Great stat Bill.  What is the membership number for the AGA or the real property portion of the ASA? Does that mean that more than half of the appraisers in the country have said no to those organizations? Here’s the thing, I have a successful business and my designation is respected by those I do work for. It has no bearing on what cutesy little acronyms you can come up with. Thankfully I did not join my organization to be part of some political movement. I considered joining the ASA as well to increase my knowledge of another discipline of appraisal practice, however the extraordinarily unprofessional manner that their representatives displayed at the conference last week has led me to rethink that decision. Have a wonderful and irrelevant life. I have some work to do now that doesn’t involve Internet forums.

        0

        1
        • ASA unprofessional? Now that is something I have never seen or heard associated with them. In fact, in most professional appraisal circles the ASA designation carries at least as much weight and respect as the MAI does. In fact, it’s why so many MAI’s ALSO carry the ASA designation.

          2

          0
          • Michael Elliott says:

            Mr. Ford, prior to last week I would have agreed with your comments about the ASA and one of the reasons I went to San Antonio was to learn more about them. I have worked with several ASA appraisers in my career that would be consistent with your assessment. But the “performance” on stage of their two representatives in San Antonio was ridiculous and unprofessional. I can only guess that they feel, since the NAIFA merger that the only way to get ahead as an organization is to bash the AI to appeal to a certain segment of the appraisal industry. What a shame.

            0

            1
    • I’m sorry you hate New Yorkers! As far as being a loudmouth, I admit  I do talk a lot but I’m not loud! You’re one of the best trolls I’ve ever met in person so you officially have the win in this thread! kudos! It’s also great content for my newsletter! All my family in Ohio and Michigan and my college friends in flyover country and people I know from the years I lived in a Chicago would expect nothing less! And my friends in KC are amazingly polite! Actually they live in Olathe on the Kansas side!

      1

      0
      • Michael S. Elliott, SRA, AI-RRS says:

        You see Mr. Miller, this is why everything you say is BS. Please quote the above post where it says the words “hate” and “New Yorkers” in the same sentence. I said YOU, sir, are a loudmouth New Yorker. I love New York. It’s a great city. Unfortunately in a city that size you get tolerance of a great number of self-important loudmouths like yourself who like to twist words, twist truth and are so accustomed to their own BS they don’t even recognize it when it comes out of their mouth. Nice try on proving midwest relevance. It’s like when white racists say “but it’s ok if I say that because I have friends who are black…”. So Mr. Miller says “all my friends from the midwest think I’m fine…” You have a nice life hating the AI because you were unable to get your MAI. Me, on the other hand, I will continue to increase my skills and knowledge from reputable sources, NOT fly to assignments in a G5 and steer clear of the lunatic fringe of the appraisal world. As the flight attendants on regular air travel say – “Bu-bye!”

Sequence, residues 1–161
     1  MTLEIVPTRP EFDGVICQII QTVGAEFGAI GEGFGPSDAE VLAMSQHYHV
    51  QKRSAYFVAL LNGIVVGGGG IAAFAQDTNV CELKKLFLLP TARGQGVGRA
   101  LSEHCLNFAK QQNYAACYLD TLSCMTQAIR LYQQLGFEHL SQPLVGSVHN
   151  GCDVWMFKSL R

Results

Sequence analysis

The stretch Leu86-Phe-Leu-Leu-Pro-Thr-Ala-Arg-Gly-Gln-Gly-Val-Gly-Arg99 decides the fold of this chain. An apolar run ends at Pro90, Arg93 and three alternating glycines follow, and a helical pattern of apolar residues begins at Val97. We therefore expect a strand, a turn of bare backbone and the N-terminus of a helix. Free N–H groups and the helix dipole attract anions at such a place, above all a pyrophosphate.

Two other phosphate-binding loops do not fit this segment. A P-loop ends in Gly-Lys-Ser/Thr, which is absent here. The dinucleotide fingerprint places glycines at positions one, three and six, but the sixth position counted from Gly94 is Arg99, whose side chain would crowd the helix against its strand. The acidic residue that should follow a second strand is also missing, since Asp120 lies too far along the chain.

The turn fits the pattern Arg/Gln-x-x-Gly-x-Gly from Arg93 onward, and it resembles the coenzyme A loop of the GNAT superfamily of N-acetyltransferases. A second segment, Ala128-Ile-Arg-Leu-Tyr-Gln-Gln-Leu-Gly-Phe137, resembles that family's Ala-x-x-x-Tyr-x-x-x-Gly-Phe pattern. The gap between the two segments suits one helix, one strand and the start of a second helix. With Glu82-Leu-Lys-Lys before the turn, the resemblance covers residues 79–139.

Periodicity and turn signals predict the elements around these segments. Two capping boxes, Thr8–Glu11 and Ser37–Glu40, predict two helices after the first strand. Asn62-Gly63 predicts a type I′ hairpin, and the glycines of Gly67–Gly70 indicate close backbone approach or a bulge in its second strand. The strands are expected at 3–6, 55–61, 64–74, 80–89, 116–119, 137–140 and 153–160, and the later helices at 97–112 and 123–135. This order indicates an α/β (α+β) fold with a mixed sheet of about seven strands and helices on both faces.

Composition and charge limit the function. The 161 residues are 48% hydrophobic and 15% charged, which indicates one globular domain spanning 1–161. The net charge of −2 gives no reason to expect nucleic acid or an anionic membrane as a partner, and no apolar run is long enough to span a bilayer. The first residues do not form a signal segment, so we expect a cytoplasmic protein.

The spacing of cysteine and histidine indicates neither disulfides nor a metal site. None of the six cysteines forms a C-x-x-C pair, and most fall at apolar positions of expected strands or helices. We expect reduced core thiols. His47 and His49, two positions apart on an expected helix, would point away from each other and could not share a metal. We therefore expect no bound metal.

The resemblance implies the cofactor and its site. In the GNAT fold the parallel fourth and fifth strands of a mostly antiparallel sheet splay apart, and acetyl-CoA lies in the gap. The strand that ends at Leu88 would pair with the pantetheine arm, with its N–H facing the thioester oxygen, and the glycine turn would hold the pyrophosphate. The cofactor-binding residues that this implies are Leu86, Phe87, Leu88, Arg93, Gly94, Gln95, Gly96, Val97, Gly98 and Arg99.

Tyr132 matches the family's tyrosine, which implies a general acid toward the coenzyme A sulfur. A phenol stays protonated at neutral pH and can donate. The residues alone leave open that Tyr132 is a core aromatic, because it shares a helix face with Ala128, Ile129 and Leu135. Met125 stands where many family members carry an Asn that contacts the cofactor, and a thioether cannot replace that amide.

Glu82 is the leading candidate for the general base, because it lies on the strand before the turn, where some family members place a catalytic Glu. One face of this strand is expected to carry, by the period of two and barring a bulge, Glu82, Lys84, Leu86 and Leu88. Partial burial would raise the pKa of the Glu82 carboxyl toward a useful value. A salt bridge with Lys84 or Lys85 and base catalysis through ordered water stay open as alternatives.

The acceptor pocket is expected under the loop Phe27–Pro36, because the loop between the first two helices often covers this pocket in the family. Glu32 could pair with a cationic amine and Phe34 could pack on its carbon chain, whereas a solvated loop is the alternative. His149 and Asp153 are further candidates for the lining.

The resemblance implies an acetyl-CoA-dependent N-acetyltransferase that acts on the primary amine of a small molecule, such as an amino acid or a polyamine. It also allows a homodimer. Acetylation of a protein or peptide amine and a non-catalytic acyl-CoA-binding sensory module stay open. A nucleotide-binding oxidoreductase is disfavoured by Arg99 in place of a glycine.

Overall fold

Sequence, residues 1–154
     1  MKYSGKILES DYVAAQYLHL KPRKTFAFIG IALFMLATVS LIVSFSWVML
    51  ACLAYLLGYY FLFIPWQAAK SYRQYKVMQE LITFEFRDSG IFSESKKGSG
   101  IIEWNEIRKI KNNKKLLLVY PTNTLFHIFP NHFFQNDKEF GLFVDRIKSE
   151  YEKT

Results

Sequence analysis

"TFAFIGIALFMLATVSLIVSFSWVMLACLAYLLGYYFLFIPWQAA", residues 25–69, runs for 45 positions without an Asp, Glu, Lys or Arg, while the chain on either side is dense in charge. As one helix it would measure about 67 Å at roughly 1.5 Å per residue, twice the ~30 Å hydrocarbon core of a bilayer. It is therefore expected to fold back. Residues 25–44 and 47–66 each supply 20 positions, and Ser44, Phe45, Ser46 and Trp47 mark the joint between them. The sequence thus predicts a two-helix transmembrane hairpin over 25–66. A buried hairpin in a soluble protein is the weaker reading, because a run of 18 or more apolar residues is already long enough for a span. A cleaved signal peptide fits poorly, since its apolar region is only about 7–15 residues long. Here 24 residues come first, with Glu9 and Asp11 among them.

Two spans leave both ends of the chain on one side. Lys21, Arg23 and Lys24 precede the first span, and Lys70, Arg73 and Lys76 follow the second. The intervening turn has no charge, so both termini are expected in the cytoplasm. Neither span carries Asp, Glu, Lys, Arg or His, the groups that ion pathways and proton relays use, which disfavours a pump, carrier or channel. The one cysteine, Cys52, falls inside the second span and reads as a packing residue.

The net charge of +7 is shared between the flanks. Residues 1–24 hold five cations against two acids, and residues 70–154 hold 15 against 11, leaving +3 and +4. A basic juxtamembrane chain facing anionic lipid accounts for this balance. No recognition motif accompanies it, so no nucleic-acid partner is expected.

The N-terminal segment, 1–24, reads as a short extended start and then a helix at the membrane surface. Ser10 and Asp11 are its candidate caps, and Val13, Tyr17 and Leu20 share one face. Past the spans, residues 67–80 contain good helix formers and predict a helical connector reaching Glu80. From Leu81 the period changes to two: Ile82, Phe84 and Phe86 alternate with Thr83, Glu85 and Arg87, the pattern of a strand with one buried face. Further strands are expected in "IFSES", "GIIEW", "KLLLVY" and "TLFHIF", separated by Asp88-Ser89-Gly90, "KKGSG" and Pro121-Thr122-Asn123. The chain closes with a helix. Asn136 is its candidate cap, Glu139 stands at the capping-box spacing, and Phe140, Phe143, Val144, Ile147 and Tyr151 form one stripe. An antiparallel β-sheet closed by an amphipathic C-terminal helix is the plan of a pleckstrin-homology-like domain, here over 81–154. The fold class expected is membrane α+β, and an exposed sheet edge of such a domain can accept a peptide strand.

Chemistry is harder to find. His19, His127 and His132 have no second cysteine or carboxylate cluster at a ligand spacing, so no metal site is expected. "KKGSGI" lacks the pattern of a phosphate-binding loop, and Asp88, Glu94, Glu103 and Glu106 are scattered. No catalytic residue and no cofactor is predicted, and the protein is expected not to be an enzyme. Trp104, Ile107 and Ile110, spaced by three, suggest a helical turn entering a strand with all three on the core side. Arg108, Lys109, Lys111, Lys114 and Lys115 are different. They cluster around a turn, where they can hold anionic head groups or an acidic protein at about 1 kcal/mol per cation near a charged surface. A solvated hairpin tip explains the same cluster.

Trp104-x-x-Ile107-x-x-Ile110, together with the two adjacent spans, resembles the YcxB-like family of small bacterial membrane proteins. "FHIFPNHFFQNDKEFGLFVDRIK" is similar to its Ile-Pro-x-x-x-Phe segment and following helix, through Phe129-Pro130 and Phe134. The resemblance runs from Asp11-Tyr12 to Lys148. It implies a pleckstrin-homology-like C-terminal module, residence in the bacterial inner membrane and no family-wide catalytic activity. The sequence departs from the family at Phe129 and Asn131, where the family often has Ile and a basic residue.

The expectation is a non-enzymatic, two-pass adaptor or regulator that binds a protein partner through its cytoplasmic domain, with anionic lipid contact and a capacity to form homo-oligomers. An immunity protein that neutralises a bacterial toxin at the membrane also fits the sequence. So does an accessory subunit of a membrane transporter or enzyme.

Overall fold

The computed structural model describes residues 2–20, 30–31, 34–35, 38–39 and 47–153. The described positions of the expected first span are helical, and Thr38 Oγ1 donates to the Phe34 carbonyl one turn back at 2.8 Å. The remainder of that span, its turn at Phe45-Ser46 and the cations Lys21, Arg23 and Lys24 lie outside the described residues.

0

        3
        • Mr. Elliot, please be respectful of the opinions of others and do not attack someone for having an opinion that differs from your own; if you disagree with someone, please express yourself respectfully. Snide or rude comments are not constructive and certainly not helpful. We count on your cooperation and appreciate your support!

          7

          1
  8. certresidential says:

    I for one would not want a pet poodle guarding my interests. Gimme the junkyard dog ANY day of the week. 🙂

    3

    0

Leave a Reply

Your email address will not be published. Required fields are marked *

xml sitemap

AI Dumbing Down Appraiser Licensing

by Jonathan Miller time to read: 5 min